Wednesday, 11 October 2017

Is This Stock Delicious Enough for Your Investment?

I recently got interested in Jumbo Group mainly due to its falling share price. I visited Jumbo Seafood Restaurant and JPot during festive season and family birthday celebrations. The food quality is good and ambience is friendly. Coincidentally, a relative’s wedding lunch was held in Chui Huay Lim Teachew restaurant, and I found the food really tasty.

Operations overview
Jumbo Group is a multi-concept F&B company with 16 restaurants in Singapore, 3 outlets in Shanghai, and 3 other joint venture/franchised outlets in Singapore, Japan and Vietnam, under 5 restaurant brands. It serves more than 1.6 tonnes of crab per day to more than 7,000 diners. 

(Assuming a conservative $90 per kg of crab, it generates $144k of sales per day, and $52m per year just from crab alone)

Financials overview

Jumbo's revenue has shown a nice increasing trend over past 3 years. This is not surprising given that they had been on an expansion mode since listing. 

EBITDA margin has been hovering between around the mid-teen percent. Likewise, its profit before tax has also increase from $15m to $18m a year. 

Its revenue, EBITDA and PBT have been increasing in tandem for the past 3 years: 21%, 17% and 18%. Likewise for Net Ops Cashflow, an increase at a similar level of +21% from FY14 to FY16.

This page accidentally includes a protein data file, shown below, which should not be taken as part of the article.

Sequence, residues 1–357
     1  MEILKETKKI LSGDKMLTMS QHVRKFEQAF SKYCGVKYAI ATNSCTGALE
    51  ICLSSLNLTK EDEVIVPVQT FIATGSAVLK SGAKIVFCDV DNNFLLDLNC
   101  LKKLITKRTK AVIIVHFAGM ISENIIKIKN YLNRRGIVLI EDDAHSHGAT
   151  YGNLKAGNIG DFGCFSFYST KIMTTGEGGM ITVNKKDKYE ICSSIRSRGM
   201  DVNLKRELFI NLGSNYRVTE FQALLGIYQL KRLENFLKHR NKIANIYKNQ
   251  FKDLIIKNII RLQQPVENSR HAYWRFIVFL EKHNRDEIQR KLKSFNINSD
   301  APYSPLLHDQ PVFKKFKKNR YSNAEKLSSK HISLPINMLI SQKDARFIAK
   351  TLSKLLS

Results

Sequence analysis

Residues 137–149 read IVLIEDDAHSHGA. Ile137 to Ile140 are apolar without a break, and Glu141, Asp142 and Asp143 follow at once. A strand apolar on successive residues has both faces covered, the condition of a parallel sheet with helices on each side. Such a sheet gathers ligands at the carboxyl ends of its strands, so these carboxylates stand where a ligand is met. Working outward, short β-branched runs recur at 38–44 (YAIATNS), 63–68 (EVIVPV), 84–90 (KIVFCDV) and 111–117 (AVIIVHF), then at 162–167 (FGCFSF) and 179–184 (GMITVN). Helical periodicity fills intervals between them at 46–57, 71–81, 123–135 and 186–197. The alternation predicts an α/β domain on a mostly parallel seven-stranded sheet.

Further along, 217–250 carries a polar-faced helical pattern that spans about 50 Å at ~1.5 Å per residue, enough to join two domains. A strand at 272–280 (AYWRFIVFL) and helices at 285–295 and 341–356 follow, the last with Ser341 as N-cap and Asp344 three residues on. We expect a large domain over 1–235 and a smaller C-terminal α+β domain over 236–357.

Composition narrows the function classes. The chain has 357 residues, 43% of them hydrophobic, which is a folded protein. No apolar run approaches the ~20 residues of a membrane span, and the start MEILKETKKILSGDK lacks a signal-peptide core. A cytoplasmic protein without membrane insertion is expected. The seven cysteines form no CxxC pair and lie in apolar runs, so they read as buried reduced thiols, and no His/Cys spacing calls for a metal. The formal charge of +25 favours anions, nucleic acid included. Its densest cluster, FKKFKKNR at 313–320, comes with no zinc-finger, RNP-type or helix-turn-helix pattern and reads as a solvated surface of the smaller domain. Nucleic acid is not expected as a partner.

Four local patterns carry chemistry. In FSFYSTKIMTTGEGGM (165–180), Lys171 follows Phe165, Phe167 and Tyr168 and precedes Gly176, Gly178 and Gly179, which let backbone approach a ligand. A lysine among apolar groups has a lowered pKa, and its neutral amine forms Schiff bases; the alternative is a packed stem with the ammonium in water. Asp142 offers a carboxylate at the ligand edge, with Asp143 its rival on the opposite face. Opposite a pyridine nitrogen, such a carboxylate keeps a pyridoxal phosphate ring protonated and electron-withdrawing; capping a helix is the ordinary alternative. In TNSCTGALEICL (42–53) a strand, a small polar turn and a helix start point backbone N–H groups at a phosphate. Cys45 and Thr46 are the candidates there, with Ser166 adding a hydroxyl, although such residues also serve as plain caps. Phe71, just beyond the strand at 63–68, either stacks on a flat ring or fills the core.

It seems that while Jumbo has been expanding overseas into China , it is doing so at a measured pace and has been managing its cost quite well, with growth in topline flowing down to its EBITDA,  earnings and cashflow.

I include FY17 figures up till Q3 here for ease of comparison:
  • Revenue, EBITDA, PBT: $106,902,000, $17,595,000, $14,191,000
  • Net Ops Cashflow and Free Cashflow: $7,423,000, $3,440,000
If we annualise the above Q3 figures, revenue, EBITDA and PBT would still beat last year's numbers although by a smaller margin. Does it mean that Jumbo's growth is beginning to plateau? Perhaps that was market's interpretation which explains the drop in price past few months.

Expansion Drive into China
From the initial one restaurant in Shanghai before IPO, Jumbo has expanded its footprint in China by adding 2 more outlets in Shanghai, and 1 in Beijing that just opened in Jul. China's share of total revenue has grown from 5.8% in FY14 to 17% in H1 FY17.